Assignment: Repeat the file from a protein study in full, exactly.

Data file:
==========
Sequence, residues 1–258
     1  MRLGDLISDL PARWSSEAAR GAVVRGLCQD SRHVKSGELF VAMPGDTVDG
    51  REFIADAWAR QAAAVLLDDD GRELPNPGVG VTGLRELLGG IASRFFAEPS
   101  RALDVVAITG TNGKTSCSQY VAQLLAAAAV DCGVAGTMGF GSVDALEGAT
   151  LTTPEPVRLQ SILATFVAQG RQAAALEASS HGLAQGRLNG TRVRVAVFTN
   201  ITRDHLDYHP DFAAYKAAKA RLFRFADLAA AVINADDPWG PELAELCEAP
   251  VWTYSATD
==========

Sequence, residues 1–258
     1  MRLGDLISDL PARWSSEAAR GAVVRGLCQD SRHVKSGELF VAMPGDTVDG
    51  REFIADAWAR QAAAVLLDDD GRELPNPGVG VTGLRELLGG IASRFFAEPS
   101  RALDVVAITG TNGKTSCSQY VAQLLAAAAV DCGVAGTMGF GSVDALEGAT
   151  LTTPEPVRLQ SILATFVAQG RQAAALEASS HGLAQGRLNG TRVRVAVFTN
   201  ITRDHLDYHP DFAAYKAAKA RLFRFADLAA AVINADDPWG PELAELCEAP
   251  VWTYSATD